These days we’re working on an issue of Christian History about Christianity in Africa, to be published next year. Though we dipped into this subject with our treatment of David Livingstone (issue 56), there are so many more chapters to tell. These include not just stories about white missionaries called to bring the gospel to alien (and sometimes fatal) lands, but the countless tales of indigenous leaders who have built up the church in their own countries.

The story we bring today slips through the cracks between these categories. It deals with one of those called back to a land both his own and not his own—a free African-American descended from enslaved forebears, who returned to Africa as a missionary. Western Christians must hear these stories, too, if we are to begin to understand the tangled roots and rich, abundant fruit of Christianity in Africa.

Pull up a chair, then, as Michigan writer Jennifer Parker sketches the outline of this forgotten missionary hero's life in her review of Pagan Kennedy's new book, Black Livingstone: A True Tale of Adventure in the Nineteenth-Century Congo (Viking).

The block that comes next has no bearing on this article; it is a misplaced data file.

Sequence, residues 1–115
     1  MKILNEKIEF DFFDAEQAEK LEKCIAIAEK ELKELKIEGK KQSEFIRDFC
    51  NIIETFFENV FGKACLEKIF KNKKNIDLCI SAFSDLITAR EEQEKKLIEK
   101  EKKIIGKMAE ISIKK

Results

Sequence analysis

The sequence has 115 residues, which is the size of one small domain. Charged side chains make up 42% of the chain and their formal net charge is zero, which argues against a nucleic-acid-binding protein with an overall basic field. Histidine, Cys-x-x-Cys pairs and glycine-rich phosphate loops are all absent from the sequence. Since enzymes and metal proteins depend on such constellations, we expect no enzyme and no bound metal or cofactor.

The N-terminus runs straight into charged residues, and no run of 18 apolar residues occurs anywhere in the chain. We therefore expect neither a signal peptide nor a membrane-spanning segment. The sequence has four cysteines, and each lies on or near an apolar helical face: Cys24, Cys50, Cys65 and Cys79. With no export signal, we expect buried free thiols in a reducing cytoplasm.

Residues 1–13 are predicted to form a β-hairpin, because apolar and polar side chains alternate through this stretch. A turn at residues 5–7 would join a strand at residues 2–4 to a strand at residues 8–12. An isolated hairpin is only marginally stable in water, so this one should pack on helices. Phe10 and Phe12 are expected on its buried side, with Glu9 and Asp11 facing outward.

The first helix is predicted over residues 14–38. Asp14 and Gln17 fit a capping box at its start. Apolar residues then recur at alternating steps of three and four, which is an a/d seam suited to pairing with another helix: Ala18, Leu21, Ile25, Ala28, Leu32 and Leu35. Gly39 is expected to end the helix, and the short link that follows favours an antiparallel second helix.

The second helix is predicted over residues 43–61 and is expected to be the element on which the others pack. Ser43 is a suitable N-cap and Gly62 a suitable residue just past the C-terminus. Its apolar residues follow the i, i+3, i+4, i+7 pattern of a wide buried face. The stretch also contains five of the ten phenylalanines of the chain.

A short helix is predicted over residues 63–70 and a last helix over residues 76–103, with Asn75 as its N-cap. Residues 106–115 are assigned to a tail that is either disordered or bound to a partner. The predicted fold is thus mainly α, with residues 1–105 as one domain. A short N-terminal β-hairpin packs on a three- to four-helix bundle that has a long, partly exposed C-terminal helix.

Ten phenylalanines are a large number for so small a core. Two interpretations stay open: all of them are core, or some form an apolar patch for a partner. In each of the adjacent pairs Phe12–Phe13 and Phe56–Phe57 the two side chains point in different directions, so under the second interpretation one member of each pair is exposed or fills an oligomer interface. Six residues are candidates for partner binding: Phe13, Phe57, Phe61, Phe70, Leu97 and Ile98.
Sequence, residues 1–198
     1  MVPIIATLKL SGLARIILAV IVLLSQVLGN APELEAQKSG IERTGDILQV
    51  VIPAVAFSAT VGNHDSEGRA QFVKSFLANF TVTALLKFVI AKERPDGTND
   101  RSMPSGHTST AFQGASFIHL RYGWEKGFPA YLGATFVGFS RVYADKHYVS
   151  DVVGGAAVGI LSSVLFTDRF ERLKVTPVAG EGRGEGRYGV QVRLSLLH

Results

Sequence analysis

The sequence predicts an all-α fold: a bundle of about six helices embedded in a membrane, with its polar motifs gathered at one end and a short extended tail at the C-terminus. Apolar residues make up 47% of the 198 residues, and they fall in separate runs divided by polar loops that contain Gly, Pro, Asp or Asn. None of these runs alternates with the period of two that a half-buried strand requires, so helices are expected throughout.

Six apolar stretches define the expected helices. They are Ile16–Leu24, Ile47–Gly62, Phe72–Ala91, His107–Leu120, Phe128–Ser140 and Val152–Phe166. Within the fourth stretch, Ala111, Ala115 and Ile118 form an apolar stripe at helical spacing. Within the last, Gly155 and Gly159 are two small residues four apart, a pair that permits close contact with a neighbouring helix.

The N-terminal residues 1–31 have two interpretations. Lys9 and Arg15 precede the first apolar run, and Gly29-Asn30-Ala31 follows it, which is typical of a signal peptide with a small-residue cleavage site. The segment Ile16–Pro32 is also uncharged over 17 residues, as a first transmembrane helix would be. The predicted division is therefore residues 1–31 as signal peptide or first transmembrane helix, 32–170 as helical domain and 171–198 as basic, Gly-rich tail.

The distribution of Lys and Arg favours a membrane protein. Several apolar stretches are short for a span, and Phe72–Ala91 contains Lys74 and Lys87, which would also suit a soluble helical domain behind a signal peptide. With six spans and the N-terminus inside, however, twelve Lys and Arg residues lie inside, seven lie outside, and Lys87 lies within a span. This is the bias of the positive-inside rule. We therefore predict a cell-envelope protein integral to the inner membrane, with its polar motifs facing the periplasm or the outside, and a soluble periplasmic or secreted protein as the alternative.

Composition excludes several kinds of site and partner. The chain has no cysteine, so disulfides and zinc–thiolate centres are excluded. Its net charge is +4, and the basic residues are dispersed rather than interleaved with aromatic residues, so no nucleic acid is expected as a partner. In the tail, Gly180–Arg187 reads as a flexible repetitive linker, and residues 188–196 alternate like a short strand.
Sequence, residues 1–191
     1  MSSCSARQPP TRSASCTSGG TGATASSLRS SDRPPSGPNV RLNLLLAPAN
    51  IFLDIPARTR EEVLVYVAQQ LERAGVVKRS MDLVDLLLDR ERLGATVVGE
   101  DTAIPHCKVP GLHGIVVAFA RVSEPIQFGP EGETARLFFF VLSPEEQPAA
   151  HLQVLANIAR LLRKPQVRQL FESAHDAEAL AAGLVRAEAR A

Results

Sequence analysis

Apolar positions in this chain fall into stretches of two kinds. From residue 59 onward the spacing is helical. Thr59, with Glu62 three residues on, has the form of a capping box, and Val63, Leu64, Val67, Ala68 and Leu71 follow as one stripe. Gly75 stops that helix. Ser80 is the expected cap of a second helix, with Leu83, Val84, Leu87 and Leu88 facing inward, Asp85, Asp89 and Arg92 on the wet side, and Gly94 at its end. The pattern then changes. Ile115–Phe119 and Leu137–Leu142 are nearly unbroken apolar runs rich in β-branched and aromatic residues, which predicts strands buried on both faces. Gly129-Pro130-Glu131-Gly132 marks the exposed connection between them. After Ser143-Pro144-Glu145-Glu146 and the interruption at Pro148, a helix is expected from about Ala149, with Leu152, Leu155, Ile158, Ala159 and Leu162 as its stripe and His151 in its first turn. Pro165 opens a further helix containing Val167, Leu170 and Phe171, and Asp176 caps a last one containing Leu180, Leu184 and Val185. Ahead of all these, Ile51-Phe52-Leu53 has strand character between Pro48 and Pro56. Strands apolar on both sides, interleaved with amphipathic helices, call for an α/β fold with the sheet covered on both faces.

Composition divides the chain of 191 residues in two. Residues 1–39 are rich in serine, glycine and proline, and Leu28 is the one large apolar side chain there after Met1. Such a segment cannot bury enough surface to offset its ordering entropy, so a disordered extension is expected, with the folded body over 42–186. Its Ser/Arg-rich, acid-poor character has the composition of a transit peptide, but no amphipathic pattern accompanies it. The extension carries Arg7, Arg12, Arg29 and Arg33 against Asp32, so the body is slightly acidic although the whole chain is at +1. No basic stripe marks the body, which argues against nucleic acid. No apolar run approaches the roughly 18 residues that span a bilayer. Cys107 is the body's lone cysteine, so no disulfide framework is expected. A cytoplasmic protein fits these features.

Pagan Kennedy's Black Livingstone reads like a swashbuckling fantasy, the work of a novelist's romantic imagination. But amid the scenes of jungle exploration, big-game hunting, international political intrigue, and even courtroom drama, readers will discover a tale stranger than fiction.

In 1890 the segregated Presbyterian Church in the U.S. sent William Sheppard, a young African American born in Virginia near the end of the Civil War, to "darkest Africa" as a missionary. And it insisted on assigning him a white companion, since the denomination would never send a black man to Congo alone ...

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